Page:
Playing soccer at the highest level is a good way to make tens of millions of dollars, assuming you can stay on top of your game, not get injured, and continue to win matches.
But if you don't have the skill to be a great player, or the hundreds of millions of dollars needed to purchase a club of your own, becoming a coach is another great way to get rich off "the beautiful game," according to a list of World Cup coaches' salaries compiled and released by Sporting Intelligence.
The list looks only at coaches of national teams that qualified to play at the 2014 World Cup in Brazil, and some of their annual salaries are eye-popping, averaging at about $2 million per year.
The amounts that national team's coaches make is high in comparison to the average citizen's pay, but they actually pale in comparison to the ten highest-paid club coaches, who average about $11.3 million annually, according to Forbes.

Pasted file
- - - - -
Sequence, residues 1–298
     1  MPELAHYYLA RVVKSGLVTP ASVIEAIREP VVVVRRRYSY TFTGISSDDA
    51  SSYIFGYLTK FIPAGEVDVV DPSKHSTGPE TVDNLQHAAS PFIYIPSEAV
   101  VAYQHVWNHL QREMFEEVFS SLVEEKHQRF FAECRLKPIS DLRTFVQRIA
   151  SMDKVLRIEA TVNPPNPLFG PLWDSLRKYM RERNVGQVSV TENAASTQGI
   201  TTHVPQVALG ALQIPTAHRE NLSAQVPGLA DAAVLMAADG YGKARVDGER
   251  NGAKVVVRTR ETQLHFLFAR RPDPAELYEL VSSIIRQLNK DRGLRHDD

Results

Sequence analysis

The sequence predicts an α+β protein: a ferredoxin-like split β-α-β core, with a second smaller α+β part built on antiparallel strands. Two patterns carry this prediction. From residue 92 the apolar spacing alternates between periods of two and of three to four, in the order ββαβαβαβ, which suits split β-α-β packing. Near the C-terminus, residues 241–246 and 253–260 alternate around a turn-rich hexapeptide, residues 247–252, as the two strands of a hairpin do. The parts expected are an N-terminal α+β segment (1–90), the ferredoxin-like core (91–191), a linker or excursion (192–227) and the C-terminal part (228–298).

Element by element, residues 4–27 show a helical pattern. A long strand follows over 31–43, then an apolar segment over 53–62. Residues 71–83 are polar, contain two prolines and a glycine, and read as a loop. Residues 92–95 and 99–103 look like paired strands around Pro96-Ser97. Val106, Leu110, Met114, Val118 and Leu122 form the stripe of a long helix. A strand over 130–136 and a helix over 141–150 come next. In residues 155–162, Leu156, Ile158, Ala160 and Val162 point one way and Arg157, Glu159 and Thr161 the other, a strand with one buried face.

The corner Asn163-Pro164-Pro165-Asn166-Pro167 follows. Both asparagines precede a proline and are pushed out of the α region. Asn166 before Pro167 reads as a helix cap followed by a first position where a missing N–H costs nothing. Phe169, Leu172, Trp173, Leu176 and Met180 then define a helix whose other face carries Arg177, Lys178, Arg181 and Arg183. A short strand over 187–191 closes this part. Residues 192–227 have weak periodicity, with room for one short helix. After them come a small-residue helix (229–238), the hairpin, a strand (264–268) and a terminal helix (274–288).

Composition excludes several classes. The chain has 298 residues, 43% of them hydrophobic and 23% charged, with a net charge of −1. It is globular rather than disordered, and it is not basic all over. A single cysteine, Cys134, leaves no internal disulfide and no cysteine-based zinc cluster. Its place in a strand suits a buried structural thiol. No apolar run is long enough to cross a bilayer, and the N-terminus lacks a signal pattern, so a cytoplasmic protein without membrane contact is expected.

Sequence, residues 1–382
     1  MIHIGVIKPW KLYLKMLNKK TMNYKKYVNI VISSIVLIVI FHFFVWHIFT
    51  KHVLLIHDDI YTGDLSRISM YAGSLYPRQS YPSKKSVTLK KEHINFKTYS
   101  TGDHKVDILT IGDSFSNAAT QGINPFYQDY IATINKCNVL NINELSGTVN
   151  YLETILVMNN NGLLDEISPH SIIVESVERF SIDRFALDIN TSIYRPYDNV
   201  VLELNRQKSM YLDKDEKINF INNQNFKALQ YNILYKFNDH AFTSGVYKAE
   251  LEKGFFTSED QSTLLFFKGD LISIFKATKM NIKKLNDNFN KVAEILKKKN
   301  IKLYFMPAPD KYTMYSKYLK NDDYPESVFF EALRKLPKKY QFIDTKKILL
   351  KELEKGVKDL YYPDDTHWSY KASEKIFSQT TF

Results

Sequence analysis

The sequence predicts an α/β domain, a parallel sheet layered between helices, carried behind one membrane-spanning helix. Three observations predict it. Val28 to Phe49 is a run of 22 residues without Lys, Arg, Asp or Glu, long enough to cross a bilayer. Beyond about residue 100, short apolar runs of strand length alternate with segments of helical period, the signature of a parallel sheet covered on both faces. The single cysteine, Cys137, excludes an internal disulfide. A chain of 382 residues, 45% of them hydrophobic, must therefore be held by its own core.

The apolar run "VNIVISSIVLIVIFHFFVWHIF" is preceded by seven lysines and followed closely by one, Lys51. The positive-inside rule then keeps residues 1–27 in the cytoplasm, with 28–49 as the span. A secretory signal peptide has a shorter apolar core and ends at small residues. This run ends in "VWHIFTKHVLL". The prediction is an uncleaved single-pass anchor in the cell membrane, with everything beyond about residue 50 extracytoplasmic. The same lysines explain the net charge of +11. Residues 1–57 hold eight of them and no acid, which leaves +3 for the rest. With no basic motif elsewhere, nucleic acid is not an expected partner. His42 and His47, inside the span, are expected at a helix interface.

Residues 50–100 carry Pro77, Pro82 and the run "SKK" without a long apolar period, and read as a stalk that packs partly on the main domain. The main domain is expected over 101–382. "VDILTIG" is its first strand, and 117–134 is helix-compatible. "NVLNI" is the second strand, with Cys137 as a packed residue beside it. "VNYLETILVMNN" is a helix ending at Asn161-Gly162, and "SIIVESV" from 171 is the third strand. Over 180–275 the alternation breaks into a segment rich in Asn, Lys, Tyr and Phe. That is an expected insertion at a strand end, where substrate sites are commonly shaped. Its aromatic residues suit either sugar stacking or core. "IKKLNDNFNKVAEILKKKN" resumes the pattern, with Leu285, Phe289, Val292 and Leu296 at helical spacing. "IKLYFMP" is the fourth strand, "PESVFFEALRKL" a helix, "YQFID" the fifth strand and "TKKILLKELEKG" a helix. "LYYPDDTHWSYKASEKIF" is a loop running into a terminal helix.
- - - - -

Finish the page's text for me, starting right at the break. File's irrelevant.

The highest paid national team coach is Fabio Capello, the Italian coach of the Russian squad, who pulls in $11,235,210 per year. Second and third are Roy Hodgson of the English team and Cesare Prandelli of Team Italy, who make $5,874,570 and $4,322,010 annually, respectively.
At the other end of spectrum, the pay is far lower. Mexico's national team coach, Miguel Herrera makes a comparatively low salary of $209,810. Second and third lowest are Ghana's James Kwesi Appiah and Niko Kovac of Croatia, who make $251,770 and $271,740 per year, respectively.
Clearly none of these coaches are starving in the streets, but some coaches fare far better compared to their fellow countrymen than do others. For instance, Sabri Lamouchi, the French coach of the Ivory Coast's national squad, makes $1,037,450 each year, equal to 795 times the average Ivory Coast resident's salary, the highest multiplier of any 2014 World Cup coach. Meanwhile, Kovac makes just 19 times what the average Croatian does.
Click this link to check out the Sports Intelligence chart for yourself.